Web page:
The goal here is to achieve some control over sharp “aces” or “chh” sounds without giving the speaker an artificial lisp. If you take the time to find the right balance, the rest of your podcast mix will come together relatively easily.
When our podcast sound hits our next plugin, the Renaissance Compressor, we’ve already used a high-pass filter, gentle compression, and treated hard sibilance with a DeEsser. Using the Renaissance Compressor will give extra control over the dynamic range, and since we are stacking more compressors, we can continue to use settings that are not too aggressive – which will help us maintain a more natural tone. Like the compressor in the duct strip that was used earlier, we aim for a reduction of approximately 3 dB.
This is what these settings look like, and keep in mind that you may need to adjust the threshold setting.
Waves F6 Dynamic EQ
Waves F6 can be used to make just about any EQ adjustment you may need at this stage of the process. It is an incredibly flexible and powerful plugin, with six fully adjustable bands along with dedicated low and high pass filters. I generally use F6 to treat the midrange as needed, and find it especially useful if I want to smooth out some hardness that may be present in the speaker’s voice.
F6 can be used as a conventional EQ to manipulate frequency bands of your choice, or more powerfully, as a dynamic EQ where you set a threshold and an area to control frequency bands only when they break this threshold. If you are not familiar with the concept of a dynamic EQ, you should consider it a compressor that only affects certain frequencies of your choice. Below is a picture of a setting I use for one of the podcast hosts. In this case, I have cut out only a hint of low and low center information using standard equalization, and have a dynamic eq configured (band 5 in purple) to tame some hardness around 2.7k. It really only works part of the time, when something in his voice gets a little peak – and even then, only a maximum of 3 dB in reduction.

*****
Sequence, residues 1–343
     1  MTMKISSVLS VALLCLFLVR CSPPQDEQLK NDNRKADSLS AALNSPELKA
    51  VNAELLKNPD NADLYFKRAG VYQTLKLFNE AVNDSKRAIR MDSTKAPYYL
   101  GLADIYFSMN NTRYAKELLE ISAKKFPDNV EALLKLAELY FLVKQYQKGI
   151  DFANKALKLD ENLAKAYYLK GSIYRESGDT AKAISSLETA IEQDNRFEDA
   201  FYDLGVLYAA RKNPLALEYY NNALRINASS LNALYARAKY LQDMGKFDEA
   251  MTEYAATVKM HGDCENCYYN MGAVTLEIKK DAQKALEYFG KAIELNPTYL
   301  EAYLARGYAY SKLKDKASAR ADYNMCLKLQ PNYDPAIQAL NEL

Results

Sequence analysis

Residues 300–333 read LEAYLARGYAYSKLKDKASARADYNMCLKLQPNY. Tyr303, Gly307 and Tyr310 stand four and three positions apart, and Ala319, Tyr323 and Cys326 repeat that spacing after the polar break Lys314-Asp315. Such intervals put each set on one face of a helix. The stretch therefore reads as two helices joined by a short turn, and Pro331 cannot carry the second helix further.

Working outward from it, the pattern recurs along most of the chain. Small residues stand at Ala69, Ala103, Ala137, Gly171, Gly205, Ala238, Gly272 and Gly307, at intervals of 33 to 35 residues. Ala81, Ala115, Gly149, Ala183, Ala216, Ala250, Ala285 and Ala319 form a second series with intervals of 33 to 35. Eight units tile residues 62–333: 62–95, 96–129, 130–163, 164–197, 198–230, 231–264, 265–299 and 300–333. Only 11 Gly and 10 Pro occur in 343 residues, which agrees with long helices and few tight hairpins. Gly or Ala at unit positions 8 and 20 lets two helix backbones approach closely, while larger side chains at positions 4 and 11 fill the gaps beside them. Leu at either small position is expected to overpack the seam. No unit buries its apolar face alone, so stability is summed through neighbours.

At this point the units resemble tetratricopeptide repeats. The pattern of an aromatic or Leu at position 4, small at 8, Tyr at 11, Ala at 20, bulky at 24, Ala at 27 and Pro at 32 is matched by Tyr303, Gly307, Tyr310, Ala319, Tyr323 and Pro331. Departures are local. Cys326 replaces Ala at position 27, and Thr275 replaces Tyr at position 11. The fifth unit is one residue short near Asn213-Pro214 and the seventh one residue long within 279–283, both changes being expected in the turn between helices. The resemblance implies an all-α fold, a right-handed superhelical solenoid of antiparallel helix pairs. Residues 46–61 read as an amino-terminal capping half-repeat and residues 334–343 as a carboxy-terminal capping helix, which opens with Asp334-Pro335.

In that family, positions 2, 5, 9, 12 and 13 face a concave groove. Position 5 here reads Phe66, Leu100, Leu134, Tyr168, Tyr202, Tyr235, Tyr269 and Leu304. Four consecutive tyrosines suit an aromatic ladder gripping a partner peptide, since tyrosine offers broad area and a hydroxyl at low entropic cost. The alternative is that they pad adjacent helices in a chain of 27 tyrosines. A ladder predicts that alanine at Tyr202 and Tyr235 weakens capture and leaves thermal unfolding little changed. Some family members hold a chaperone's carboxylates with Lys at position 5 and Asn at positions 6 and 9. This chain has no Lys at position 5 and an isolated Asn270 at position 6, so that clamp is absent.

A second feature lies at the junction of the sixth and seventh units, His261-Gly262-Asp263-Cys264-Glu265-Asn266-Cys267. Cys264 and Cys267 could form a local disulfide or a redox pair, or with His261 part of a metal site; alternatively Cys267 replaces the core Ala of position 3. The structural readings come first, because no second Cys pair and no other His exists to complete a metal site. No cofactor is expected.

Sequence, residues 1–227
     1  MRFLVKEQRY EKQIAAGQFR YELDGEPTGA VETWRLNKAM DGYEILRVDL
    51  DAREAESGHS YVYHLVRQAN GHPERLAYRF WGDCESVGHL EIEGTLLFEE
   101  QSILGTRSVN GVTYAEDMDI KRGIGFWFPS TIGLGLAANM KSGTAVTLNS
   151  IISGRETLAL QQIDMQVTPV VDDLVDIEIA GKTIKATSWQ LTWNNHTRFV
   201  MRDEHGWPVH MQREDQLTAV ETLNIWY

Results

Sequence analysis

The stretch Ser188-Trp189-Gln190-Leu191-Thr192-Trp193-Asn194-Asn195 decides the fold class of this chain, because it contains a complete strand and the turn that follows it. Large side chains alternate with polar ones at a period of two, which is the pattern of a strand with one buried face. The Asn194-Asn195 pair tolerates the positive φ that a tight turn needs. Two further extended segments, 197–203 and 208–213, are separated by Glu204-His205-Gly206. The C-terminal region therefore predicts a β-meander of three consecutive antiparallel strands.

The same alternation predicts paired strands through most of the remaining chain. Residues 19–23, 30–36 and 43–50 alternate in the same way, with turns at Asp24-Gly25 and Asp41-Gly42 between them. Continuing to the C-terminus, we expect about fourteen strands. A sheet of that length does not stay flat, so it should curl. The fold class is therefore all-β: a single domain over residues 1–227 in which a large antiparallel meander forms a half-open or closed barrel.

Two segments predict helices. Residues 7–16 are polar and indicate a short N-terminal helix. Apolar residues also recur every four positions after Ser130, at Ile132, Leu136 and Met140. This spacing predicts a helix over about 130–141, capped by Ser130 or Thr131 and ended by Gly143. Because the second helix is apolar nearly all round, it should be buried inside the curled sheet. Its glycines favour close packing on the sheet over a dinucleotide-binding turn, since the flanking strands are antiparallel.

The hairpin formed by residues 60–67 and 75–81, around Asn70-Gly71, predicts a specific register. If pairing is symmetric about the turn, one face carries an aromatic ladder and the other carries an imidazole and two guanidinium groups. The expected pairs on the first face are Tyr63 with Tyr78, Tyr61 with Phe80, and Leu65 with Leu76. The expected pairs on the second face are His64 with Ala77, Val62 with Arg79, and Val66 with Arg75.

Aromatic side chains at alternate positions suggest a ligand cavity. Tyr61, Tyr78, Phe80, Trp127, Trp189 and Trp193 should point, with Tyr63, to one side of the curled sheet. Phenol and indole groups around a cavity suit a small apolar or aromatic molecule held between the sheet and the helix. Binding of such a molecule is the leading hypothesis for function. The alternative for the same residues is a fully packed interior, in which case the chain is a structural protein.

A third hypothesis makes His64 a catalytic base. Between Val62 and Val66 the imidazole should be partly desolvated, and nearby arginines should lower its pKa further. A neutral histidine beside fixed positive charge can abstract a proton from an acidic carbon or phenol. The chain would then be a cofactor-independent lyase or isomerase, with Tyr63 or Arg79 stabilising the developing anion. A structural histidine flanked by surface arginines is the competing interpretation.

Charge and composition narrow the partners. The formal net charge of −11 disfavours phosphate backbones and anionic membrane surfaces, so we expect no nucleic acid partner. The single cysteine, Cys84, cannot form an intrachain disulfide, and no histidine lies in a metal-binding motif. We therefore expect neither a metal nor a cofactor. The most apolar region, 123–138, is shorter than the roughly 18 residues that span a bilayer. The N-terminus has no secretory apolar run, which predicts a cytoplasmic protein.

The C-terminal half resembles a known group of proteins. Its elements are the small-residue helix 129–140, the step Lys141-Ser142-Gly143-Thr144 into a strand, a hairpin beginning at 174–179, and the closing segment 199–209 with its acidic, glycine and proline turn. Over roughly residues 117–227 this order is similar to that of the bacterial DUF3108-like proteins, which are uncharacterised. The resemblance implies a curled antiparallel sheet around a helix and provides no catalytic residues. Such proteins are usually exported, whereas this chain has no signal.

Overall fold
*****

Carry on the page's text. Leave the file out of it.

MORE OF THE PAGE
Waves Vocal Rider
The latest plugin in my signal chain on podcast tracks is Vocal Rider, which automatically keeps dialogue levels stable and does so without the “staining” of compression. Although capable of more, it works well in 99% of podcast mix scenarios when you just cast it on a voice track and set a wide range. You can adjust the sensitivity and target to your liking, although I usually let them have the default settings. In rare cases where it does not work quite the way I want, I will actually print the automated father movements to an automation track and make adjustments to the father movements as needed. I tend to prefer the “slow” setting to avoid and sudden, big father movements, but I have also had success with “fast” mode.
Waves L3 Ultramaximizer
L3 is the very latest plugin used in a podcast I edit and mix. It is instantiated on the stereo mix bus and achieves two goals: more overall level and a mild amount of restriction. This is a place where you can transparently give even more control to the dynamic range of the podcast mix. It’s a simple plugin that just works – use your ears, and you will know if you have set the threshold too low. I like to set the ceiling at -0.1 to guarantee that no online streaming service will reject the sound for clipping.
Conclusion and options for stock plugs
Now that I’ve shared my voice processing chain for podcasts, you can experiment by replicating much of this functionality with the plugins you already own. The key to maintaining a smooth, neutral and balanced tone is to avoid aggressive compressor settings that color the sound. By stacking multiple compressors, you can gain control over voice recordings, yet still allow their natural dynamic range to come through in the final mix.
Although I’m not aware of any software noise reduction plugins that come with Pro Tools for free, there are some very useful options for EQ, compression and de-essing:
- Waves Renaissance Channel Strip -> Avid Channel Strip
- Waves Renaissance DeEsser -> Avid Dyn3 De-Esser
- Waves Renaissance Compressor -> Avid Dyn3 Compressor / Limiter
- Waves F6 Dynamic EQ -> Avid EQ3 7-band equalizer (not a dynamic EQ)
One last tip – the most important thing about putting out a podcast with professional sound will always come down to the quality of the original recording. If you take the time to make sure your recording environment is quiet and invest in a high quality microphone, you have already set yourself up to succeed. Wistia, for example, makes my mixing process easier than it could otherwise be, in part because they’ve invested in great podcast microphones (Shure SM7B) and individual recorders (Zoom H5) that capture pure, transparent sound.
The most important thing about posting a podcast with professional audio will always come down to the quality of the original recording. Click to Tweet